The Consumer Financial Protection Bureau (CFPB) has finalized the “ability to repay” regulations requiring lenders to verify that home buyers can afford the mortgages they receive. There was a time when this would have sounded like common underwriting sense to lenders and borrowers. But in the wake of the financial implosion – caused in no small part by reckless and abusive mortgage lending ― it sounds almost revolutionary.

“I firmly believe that if the ability-to-repay rule we are announcing today had existed a decade ago, many people…could have been spared the anguish of losing their homes and having their credit destroyed,” Richard Cordray, director of the CFPB, said in announcing the new rules.

The Dodd-Frank Financial Reform legislation mandated the ability to repay requirement, directing regulators to define a category of “qualified mortgages” that would be deemed to comply. The CFPB has defined as plain vanilla”lower-priced loans that are typically made to borrowers who pose fewer risks.” This definition excludes loans with points and fees exceeding 3 percent, no- and low-documentation loans (known less than affectionately as “liar loans”) as well as mortgages with risky characteristics balloon payments, interest-only payments, negative amortization and terms longer than 30 years.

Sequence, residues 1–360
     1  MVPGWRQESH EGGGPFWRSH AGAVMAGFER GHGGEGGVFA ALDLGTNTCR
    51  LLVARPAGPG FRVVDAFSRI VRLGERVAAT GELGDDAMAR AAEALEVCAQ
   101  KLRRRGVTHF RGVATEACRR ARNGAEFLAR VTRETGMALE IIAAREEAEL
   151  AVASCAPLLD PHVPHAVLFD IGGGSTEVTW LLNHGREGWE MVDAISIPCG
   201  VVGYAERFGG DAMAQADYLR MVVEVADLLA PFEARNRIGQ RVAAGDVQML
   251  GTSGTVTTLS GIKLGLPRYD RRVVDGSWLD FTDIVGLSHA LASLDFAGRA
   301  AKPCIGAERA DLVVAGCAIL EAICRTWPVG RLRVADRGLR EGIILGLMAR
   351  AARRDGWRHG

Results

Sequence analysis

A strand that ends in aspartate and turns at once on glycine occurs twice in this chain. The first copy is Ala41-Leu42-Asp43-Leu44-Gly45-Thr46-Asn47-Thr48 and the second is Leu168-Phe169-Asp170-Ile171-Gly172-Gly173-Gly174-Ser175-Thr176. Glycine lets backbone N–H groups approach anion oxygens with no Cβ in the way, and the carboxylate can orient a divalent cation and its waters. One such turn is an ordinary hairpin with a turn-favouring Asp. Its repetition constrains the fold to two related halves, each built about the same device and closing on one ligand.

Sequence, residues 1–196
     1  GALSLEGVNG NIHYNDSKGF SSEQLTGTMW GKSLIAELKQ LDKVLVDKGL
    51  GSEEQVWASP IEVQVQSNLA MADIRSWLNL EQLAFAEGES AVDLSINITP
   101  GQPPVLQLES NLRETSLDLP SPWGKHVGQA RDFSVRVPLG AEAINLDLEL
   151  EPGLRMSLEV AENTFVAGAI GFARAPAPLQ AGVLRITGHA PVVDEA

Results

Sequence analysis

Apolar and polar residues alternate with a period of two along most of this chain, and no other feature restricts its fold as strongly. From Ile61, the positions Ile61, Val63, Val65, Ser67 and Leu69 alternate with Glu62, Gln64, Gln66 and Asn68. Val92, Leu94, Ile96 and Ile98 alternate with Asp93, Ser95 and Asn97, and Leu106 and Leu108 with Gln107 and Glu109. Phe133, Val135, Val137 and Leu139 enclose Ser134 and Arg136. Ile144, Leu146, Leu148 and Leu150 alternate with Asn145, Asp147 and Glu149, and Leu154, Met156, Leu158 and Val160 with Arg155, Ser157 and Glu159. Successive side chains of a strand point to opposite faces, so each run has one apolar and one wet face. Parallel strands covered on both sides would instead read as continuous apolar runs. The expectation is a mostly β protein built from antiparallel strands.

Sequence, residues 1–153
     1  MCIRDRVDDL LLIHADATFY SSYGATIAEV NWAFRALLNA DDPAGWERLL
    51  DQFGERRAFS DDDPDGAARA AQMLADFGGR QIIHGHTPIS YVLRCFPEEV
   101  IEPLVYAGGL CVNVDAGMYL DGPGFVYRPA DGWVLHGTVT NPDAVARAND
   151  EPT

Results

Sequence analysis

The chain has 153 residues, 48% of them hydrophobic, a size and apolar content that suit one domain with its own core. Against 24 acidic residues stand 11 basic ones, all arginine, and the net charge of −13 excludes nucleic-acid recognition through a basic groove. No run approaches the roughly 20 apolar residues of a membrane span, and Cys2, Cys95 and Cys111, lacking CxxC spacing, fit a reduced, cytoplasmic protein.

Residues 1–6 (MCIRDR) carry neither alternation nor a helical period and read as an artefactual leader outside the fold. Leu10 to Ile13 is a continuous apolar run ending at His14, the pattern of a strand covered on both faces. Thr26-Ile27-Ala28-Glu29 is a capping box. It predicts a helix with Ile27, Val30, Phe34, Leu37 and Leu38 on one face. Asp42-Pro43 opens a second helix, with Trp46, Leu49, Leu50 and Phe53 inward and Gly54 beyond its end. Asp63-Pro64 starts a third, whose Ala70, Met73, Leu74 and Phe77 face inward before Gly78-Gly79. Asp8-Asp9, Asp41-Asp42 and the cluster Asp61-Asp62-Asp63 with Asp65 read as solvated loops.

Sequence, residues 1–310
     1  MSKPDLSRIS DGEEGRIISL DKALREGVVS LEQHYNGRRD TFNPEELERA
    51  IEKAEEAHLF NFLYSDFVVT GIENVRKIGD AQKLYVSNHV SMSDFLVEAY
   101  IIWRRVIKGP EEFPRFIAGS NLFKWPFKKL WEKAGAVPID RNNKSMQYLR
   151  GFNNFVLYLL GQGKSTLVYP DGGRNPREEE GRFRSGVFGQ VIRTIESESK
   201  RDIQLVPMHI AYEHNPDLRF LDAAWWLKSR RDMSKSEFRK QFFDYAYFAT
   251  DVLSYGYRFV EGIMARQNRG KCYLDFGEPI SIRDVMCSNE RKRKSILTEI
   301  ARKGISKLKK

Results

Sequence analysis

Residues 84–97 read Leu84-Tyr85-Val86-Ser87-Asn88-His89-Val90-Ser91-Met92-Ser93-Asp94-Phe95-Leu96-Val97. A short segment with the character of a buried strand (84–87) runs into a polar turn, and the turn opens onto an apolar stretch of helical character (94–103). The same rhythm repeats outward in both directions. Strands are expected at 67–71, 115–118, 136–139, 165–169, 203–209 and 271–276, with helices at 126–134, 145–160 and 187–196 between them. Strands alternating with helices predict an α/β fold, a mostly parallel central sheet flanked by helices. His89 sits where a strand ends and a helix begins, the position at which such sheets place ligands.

The rules specifically require lenders to base underwriting decisions on the actual principal and interest payments over the life of the loan (not on “teaser” rates in effect during a limited introductory period) and to consider eight specific underwriting criteria:

  • Debt-to-income ratio (which can’t exceed 43 percent)
  • Current income or assets;
  • Employment status
  • Current and expected earnings;
  • Credit history;
  • Monthly payments on the mortgage
  • Other mortgage-related obligations and loans associated with the property
  • Other debt obligations and
  • Borrower’s ability to assume more debt

Responding to concerns about the potential impact on credit availability, the CFPB decided to phase-in the debt-to-income limit over 7 years or until Congress restructures Fannie Mae and Freddie Mac. Until then, loans with higher ratios will be deemed “qualified mortgages” as long as they meet the secondary market underwriting requirements established by Fannie Mae or Freddie Mac.